2021-03-15 13:12:15 viewed: 31
Information colonialogy in regional conflicts
Dr. Tamaro J. Green
With the role of digital media in informing of regional conflict, it may be necessary to explore how information contributes to conflicts. Information colonialogy represents how information can be a tool that provides a catalyst to the fuel of regional conflicts. Vora (2020) mentions the newly released book Technoprecarious to explain how divisions in health and wellness continue even with advances in other areas of society. Desta (2018) reviews digitalization in the Horn of Africa and the digital divide in Africa. Mkutu (2001) suggested that improving the quality and accuracy of the media can contribute to reducing violence among other proposals. Stockton (2012) suggests the theory that foreign industries can collaborate for economic growth with the large populations of pastoral communities in the Horn of Africa may be too idealistic. Güneralp, Lwasa, Masundire, Parnell, and Seto (2017) explore the effects of urbanization on the geological environment in Africa. Meaza (2019) explores ways in which policy makers can harness the tools of information to support governance and planning.
Desta, T. (2018). Comments on the digitalization and digital divide in the Horn of Africa (HoA), Kenya and Ethiopia: The media perspective. Global Media Journal, 16(30).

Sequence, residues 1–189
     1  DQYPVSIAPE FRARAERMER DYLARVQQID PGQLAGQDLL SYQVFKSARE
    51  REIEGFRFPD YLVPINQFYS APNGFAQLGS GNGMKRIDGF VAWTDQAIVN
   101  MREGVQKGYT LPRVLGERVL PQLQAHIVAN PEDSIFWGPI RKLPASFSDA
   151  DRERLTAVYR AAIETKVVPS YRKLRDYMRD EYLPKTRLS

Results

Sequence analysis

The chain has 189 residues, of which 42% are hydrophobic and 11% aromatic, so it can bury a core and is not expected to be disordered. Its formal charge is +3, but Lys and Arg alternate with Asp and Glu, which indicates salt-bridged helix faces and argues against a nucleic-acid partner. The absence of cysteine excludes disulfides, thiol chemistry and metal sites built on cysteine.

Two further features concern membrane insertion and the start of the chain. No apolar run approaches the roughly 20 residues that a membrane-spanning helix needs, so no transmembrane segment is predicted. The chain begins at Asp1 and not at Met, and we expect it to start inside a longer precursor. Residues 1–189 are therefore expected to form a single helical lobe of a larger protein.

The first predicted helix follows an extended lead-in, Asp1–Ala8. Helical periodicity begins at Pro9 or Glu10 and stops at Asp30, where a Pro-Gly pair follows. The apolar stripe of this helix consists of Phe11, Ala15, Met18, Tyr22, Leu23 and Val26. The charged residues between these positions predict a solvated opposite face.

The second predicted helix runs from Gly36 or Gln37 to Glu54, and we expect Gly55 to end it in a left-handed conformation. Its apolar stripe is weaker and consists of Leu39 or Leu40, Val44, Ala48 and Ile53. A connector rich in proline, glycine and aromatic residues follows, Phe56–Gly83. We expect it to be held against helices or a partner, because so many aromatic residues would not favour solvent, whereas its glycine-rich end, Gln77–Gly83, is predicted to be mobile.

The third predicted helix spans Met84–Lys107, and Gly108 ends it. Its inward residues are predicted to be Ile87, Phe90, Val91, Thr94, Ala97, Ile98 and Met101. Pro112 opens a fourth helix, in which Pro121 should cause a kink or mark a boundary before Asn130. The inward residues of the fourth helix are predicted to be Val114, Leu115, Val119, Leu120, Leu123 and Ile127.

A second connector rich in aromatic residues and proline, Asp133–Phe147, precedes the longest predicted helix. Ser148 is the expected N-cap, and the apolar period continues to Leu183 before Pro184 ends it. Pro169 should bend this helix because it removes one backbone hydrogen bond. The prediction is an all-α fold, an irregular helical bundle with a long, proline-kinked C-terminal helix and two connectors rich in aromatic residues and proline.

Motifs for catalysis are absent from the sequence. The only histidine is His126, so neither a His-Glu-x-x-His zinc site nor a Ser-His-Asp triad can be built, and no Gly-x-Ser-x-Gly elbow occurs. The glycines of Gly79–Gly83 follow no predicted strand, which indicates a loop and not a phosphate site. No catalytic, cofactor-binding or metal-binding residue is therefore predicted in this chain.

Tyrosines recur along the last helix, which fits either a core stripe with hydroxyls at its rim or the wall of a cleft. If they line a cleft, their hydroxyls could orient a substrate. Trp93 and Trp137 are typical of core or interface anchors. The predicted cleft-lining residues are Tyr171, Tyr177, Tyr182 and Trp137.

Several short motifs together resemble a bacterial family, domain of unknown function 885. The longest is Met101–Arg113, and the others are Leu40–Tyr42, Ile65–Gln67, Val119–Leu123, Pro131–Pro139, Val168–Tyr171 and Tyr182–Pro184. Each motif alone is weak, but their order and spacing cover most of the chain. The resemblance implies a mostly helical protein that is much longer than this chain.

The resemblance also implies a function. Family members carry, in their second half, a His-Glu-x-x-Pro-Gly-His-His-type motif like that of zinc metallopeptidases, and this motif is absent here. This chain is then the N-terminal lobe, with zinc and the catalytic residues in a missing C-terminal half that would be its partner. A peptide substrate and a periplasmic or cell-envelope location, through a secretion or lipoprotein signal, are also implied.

Güneralp, B., Lwasa, S., Masundire, H., Parnell, S., & Seto, K. C. (2017). Urbanization in Africa: Challenges and opportunities for conservation. Environmental Research Letters, 13(1), 015002. doi:10.1088/1748-9326/aa94fe
Meaza, W. (2019). Exploring the strategies big data analysts need to establish a diaspora analytics application. (Doctoral dissertation, Colorado Technical University).
Mkutu, K. (2001). Pastoralism and conflict in the Horn of Africa.
Stockton, G. (2012). Sugar for the tea: Assistance and the state of pastoralism in the Horn of Africa. Pastoralism: Research, Policy and Practice, 2(6).
Vora, K. (2020). Reproduction at the Center: Michelle Murphy’s Economization of Life. Reproduction.
Dr. Tamaro Green is a computer science researcher and the founder of TJG Web Services. TJG Web Services, LLC is a consulting firm in the field of information technology. Dr. Green writes on topics of privacy, security, and ethics in information technology and computer science.
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